In fact, the Gadfly has it exactly backwards. Voting rights and democracy matter more than a single issue. The fact that the Gadfly reverses the order and privileges vouchers over equal citizenship buttresses the oft-made claim that, despite the racial justice rhetoric, the education reform community has concerns other than the health of the black community.

And at the end of the day, that’s why this is so important. I care about the education reform movement. A lot of African-Americans distrust education reformers like those at the Gadfly. Many believe they want to privatize the schools, they want free-markets to rule, and they use black families and children as pawns. I don’t know the folks behind the Gadfly, but I know many of their fellow travelers, and I don’t believe this is the case in general.

I think most ed reformers are well-meaning people who have, for a variety of reasons, been drawn to an issue that is unquestionably urgent–the quality of schools in low-income communities. It is hard enough to convince people of this as is. Posts like the Gadfly’s make it much harder.


4 Responses to “Race and Education Reformers”

  1. […] Extra Credit, James Forman Jr. takes apart the Fordham position. For anyone concerned with the intersection of race and education, this is a must […]

  2. Phyllis Murray Says:

    By Phyllis C. Murray

    “We are told of one stunning educational success after another with ever more children passing the standardized tests. But in reality, the city’s public school students, particularly those students of color in inner city neighborhoods, are receiving a less than quality education.’ EDUCATION PLANNING COUNCIL OF HARLEM/NY July 2006

    “The system still fails to educate its African American and Latino students – to the degree that they are ill-equipped to compete, academically and intellectually, with children of other racial and ethnic groups, attending schools in other neighborhoods. Our children are graduating – at too low a percentage, we can also say – poorly prepared for the challenges of higher education and fulfilling, lucrative new millennium careers.”EDUCATION PLANNING COUNCIL OF HARLEM/NY July 2006

    “Twenty-three schools in Westchester and Rockland counties have not met the federal standard for placing highly qualified teachers in their classrooms, according to a state report provided yesterday to The Journal News.” By DAVID NOVICH July 28, 2006

    The No Child Left Behind Legislation of 2001 (Public Law 107-110), has been a wake up call for many. This United States federal law is the key to a reauthorization of a number of federal programs that aim to improve the performance of America’s primary and secondary schools by increasing the standards of accountability for states, school districts and schools, as well as providing parents more flexibility in choosing which schools their children will attend. Thus, throughout New York City, parents are now given opportunities to decide where to send Johnny. Throughout the nation many parents are turning their backs on the public school system because they feel the city, state and federal governments have also turned their backs on inner-city public schools.

    These parents are looking for VOUCHERS, scholarships, charter schools, private and religious institutions to meet their needs. Far too often this pattern is repeated nationwide. We can even say that the public schools throughout the nation have been pauperized as one hears the cries of overcrowded classrooms, crumbling school buildings, out-of-date libraries, lack of textbooks, low academic standards, student violence, inadequate school safety, and failure to have highly qualified teachers i.e. one who has fulfilled the state’s certification and licensure requirements in every classroom.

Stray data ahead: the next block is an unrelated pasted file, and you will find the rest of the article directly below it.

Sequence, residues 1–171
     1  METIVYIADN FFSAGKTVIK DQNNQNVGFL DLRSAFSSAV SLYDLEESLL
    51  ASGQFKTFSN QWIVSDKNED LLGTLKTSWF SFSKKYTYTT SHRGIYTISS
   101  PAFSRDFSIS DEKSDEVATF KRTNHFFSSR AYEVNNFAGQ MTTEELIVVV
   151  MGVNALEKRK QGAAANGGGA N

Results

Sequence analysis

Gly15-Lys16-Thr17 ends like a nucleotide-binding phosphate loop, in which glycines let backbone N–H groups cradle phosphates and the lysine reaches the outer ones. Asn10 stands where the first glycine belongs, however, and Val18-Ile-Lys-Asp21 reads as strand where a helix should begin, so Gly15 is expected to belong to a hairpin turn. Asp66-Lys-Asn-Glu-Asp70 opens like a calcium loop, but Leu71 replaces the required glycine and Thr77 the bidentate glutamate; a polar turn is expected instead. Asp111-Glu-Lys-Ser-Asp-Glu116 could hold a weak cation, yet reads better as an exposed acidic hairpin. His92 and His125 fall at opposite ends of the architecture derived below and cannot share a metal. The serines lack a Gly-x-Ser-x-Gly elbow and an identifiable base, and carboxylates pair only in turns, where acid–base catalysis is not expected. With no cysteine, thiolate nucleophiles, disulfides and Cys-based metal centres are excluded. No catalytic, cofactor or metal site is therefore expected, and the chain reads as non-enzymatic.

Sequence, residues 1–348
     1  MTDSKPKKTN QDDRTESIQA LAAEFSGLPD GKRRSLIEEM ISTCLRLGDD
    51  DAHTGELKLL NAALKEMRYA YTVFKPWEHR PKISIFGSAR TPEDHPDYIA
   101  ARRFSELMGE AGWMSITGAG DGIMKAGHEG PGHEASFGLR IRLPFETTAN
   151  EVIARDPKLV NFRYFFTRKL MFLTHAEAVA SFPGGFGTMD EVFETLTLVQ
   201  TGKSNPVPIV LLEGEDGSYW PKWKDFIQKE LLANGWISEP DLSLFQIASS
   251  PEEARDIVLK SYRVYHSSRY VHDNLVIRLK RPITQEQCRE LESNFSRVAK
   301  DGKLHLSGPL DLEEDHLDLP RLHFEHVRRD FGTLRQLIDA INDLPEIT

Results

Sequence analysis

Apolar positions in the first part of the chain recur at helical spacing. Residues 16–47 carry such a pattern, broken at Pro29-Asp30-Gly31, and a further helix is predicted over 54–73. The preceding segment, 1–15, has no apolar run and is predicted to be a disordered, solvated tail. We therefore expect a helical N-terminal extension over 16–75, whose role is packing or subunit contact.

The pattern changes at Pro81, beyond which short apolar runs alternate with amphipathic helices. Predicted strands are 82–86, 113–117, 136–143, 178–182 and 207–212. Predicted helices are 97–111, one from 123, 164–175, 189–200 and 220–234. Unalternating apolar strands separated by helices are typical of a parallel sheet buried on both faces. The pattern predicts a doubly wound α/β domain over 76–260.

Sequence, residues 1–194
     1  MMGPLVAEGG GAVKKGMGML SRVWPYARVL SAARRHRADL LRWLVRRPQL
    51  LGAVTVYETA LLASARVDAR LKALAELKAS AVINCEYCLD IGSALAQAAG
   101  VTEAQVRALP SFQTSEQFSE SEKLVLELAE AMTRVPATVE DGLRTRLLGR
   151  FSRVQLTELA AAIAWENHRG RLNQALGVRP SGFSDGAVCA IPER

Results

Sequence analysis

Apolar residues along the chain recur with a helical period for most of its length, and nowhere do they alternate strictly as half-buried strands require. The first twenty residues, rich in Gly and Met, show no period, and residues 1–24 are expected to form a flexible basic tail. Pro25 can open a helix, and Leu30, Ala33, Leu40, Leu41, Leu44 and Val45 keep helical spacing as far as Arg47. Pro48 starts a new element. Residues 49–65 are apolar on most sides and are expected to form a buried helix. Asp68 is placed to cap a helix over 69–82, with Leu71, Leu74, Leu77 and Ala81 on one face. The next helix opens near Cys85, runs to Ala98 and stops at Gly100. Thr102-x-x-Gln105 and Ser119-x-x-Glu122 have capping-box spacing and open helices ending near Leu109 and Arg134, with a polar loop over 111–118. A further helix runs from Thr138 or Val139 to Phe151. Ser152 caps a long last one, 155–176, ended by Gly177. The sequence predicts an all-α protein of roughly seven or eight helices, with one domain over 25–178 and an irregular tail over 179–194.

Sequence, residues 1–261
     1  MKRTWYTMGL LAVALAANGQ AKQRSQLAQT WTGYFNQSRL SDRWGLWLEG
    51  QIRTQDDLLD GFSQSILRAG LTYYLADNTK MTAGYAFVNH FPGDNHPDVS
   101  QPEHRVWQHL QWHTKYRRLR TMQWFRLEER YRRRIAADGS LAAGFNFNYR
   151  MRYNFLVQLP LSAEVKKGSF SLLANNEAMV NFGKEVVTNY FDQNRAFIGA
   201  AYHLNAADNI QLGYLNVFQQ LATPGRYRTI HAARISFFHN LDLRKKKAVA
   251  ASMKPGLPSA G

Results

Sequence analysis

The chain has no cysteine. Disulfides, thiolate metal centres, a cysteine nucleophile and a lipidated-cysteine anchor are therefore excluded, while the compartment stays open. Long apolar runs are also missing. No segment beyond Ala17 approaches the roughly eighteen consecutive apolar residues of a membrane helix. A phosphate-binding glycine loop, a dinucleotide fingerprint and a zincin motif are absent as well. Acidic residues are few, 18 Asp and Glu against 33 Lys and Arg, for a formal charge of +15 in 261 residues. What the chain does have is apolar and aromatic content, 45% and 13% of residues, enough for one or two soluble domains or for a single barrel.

When education is not a priority, the funding educators seek to implement the NCLB Law is never adequate. What we see is the fact that European and Asian nations are outdistancing the U.S. in the competitive world job market. These nations have reached the goal of educational excellence in their schools. These nations are investing in their greatest resource: their children.

    Martin Luther King was able to forecast this phenomenon in a speech he made to the UFT in 1964. “Education for all Americans has always been inadequate,” King said. “The richest nation on earth has never allocated enough of its abundant resources to build sufficient schools to compensate adequately its teachers. We squander funds on highways and the frenetic pursuit of recreation, on the overabundance of overkill armaments but we pauperize education.”

    It was Dr. King who reminded us that” we are caught in an inescapable network of mutuality, tied in a single garment of destiny. Whatever affects one directly, affects all indirectly.” Collaboration is the key in all successful negotiations. But that collaboration must embody mutual trust and mutual respect.
    Dr. King spoke, but apparently those in positions of leadership and power in government were not listening. King was assassinated in 1968. His legacy lives on today in those who wish to join teachers and concerned parents in a quest to provide the best education possible for all Americans. Yes, teachers and parents must continue to be the best advocates for children and education in America.

    The New York City Public School System was once a viable force for its earliest immigrants, like Henry Kissinger, who attended George Washington High School at night and worked in a shaving-brush factory during the day. Today, our nation’s public schools must work for all of its citizens, again. Arthur Eisenberg is right: “The state must seek to break the cycle of discrimination and disadvantage”. Certainly, the future of America,as a strong nation, depends on it.

    Phyllis C. Murray, UFT Chapter Leader

  3. […] Edwize, James Forman Jr. rightly takes the Gadfly to task for the “illogical, bizzare, and offensive” notion that District of Columbia residents […]